Klaus and Birgit's story
Initial media reports on Klaus Emmerichs 2005 photos of a thylacine in Tasmania described various criticisms of both the photographs and the story behind them.
Certainly one popular question amongst blogsters and online commentators ran along the lines "how on Earth can you see a thylacine and not know you're seeing an extinct animal?"
The fact that some reports painted the situation more ambiguously than Emmerichs felt was actually the case, was frustrating to Emmerichs. English being his second language did not help his situation any.
On Klaus and Birgit's return to Tasmania in April 2006, they met with author and thylacine researcher Col Bailey. One result of their discussions was Col's posting at the Tasmanian Times online to clarify many aspects of the German tourists' story.
I will not re-describe these details here, suffice it to say that Bailey's article is well worth the read if you haven't read it already.
Tourists who knew almost nothing of their destination?
So to the question - how did Germans Klaus and Birgit come to be tourists in Tasmania, knowing almost nothing of their destination?
The answer is literally due to fate.
The 2005 thylacine photos were taken in early February, however Tasmania was never their intended tourist destination.
Three months earlier, in November 2004, Birgit celebrated her 40th birthday and Klaus bought her the now-famous Ricoh digital camera. Neither were particularly familiar with digital technology of any kind, including the new birthday present, and also including computers.
Klaus began using computers about three years prior and knows just enough to check and send email and very little else.
Along with the new camera, plans were made to travel to Sri Lanka. Holiday leave was arranged, travel plans scheduled and flights booked.
Three days before their scheduled departure however, the 2004 Indian Ocean earthquake, and the resulting tsunamis devastated countries around the region - including Sri Lanka.
Needless to say, their travel to Sri Lanka was cancelled. Still, the couple was determined to take an overseas break and Australia was chosen as the destination primarily because Klaus' brother already lived there. Klaus had last visited Australia in 1986.
For the most part of January, Klaus returned to work before they caught the first available flights down to Melbourne. Because of the late scheduling and Klaus' return to work in January, neither of the pair spent much time, if any, researching their destination.
After a few days spent with Klaus' brother, they decided to take a trip to Tasmania. The answer, then, as to how they came to be tourists from the other side of the world who knew very little about their destination is in the fact they only decided to visit Tasmania one or two days before actually flying in.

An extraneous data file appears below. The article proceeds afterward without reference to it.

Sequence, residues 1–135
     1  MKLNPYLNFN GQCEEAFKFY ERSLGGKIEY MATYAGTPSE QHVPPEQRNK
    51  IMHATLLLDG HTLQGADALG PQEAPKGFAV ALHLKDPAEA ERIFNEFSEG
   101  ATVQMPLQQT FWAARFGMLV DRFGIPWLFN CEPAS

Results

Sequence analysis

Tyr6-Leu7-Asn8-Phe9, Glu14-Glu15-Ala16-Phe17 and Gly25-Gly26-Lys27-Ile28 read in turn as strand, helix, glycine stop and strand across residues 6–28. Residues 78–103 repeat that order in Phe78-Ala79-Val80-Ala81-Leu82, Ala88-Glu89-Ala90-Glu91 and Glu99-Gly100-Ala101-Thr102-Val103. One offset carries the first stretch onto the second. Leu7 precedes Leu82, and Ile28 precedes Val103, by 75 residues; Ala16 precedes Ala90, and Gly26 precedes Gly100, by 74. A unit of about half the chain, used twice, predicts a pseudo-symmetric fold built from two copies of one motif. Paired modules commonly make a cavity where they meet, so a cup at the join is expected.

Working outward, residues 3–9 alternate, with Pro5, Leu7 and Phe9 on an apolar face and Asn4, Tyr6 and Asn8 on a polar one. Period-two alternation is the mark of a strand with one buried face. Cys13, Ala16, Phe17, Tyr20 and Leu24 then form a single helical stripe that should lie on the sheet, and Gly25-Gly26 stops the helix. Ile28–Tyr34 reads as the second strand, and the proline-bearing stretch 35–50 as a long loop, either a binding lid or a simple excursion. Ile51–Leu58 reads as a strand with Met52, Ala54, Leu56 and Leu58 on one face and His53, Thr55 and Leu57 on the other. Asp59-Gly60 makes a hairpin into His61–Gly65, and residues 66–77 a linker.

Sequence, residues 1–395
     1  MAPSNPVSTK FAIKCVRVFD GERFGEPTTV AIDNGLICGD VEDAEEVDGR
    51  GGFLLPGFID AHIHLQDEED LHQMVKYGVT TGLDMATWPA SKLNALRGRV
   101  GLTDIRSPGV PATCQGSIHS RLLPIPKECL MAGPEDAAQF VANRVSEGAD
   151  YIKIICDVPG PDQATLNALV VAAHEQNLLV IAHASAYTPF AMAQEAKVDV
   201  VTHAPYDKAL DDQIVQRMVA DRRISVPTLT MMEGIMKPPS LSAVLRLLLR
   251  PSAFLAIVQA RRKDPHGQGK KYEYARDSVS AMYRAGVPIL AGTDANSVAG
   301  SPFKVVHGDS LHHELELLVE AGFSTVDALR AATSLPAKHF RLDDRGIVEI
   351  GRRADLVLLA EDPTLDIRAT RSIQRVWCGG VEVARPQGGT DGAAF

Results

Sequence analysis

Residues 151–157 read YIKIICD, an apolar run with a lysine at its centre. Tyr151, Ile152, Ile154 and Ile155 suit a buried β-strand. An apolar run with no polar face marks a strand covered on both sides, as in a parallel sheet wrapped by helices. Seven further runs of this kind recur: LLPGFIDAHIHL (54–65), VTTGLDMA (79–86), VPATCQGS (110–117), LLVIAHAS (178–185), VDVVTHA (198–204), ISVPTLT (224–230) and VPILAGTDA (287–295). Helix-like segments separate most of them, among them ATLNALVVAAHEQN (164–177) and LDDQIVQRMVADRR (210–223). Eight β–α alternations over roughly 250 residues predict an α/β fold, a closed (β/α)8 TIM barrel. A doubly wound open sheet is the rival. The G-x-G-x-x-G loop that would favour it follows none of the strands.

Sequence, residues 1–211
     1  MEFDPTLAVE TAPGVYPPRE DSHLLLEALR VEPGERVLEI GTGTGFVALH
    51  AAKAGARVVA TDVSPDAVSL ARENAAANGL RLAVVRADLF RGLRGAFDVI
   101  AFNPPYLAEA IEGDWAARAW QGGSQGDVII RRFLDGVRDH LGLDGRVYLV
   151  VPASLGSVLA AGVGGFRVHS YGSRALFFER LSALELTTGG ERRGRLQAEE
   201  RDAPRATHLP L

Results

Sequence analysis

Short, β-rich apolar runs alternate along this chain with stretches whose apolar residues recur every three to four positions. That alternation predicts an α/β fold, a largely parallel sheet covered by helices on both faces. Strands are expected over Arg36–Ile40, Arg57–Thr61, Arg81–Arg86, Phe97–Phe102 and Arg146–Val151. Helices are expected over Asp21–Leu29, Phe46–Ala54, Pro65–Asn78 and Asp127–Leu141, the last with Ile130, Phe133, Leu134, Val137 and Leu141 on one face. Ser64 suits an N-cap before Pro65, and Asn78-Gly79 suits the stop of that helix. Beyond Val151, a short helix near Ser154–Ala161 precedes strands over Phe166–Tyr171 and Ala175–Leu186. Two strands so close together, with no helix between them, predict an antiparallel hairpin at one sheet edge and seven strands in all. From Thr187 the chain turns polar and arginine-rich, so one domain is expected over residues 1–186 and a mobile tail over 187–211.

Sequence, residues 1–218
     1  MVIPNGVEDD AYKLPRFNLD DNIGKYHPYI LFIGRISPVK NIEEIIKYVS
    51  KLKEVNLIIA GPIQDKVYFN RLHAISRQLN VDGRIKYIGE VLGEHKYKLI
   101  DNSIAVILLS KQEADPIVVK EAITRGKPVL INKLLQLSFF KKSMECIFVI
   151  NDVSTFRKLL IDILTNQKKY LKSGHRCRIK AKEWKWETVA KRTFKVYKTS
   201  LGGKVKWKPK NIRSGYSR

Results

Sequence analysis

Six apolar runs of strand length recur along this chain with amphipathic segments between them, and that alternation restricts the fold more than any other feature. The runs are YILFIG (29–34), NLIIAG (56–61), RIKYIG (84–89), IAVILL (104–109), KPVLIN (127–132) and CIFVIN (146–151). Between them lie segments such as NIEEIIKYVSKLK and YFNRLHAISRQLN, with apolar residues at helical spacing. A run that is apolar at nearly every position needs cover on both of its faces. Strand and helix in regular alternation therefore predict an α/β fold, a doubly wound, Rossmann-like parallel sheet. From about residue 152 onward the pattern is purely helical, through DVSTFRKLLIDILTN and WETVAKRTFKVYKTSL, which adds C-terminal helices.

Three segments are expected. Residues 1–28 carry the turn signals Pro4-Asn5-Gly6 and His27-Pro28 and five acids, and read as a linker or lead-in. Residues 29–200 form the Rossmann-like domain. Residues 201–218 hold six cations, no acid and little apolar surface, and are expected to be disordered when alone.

(After touring the Island State for two weeks the couple flew to Port Douglas which was, ironically, the location near which Steve Irwin was filming when he (Irwin) was killed by a stingray in September 2006. Cryptomundo reports that Irwin had travelled to Tasmania himself, in search of the thylacine. In another strange twist of fate, Terri Irwin happened to be trekking at Cradle Mountain at the time, near to where Klaus Emmerichs took his photos of the thylacine. Ironically too, just a few days earlier, I had emailed Steve and Terri with the suggestion of searching for the thylacine on the basis of Klaus' photographs. At that time I was unaware they had already visited Tasmania for that purpose.)
Returning to the story of Klaus and Brigit's journey to Tasmania, Bailey has already mentioned (see link above), that their return flights to Germany were booked in advance. Once they captured photographs of the thylacine they did begin to make enquiries and learned that the animal was supposed to be extinct. When back in Melbourne, they showed the photographs to Klaus' brother who confirmed them as a thylacine. With return flights booked, a business to run back home, and a poorer command of English than Klaus' brother (who has lived in Australia for some number of years) they returned to Germany, leaving copies of the photos with Klaus' brother to follow up with authorities.
However at this point the story is already well documented by Bailey, including the fact that they only discovered back in Germany, that the photos still resided on the camera's internal memory. Ricoh was approached and confirmed that the memory cannot be written-to by a computer; any photos stored there must have been taken by the camera itself. What can be added to the picture today, is the knowledge that Klaus and Brigit's computer and digital camera skills were, and very much still are, at an introductory level.
Secondly, they knew very little about Tasmania and the thylacine, simply because they hadn't prepared to visit Tasmania until one or two days before actually flying in.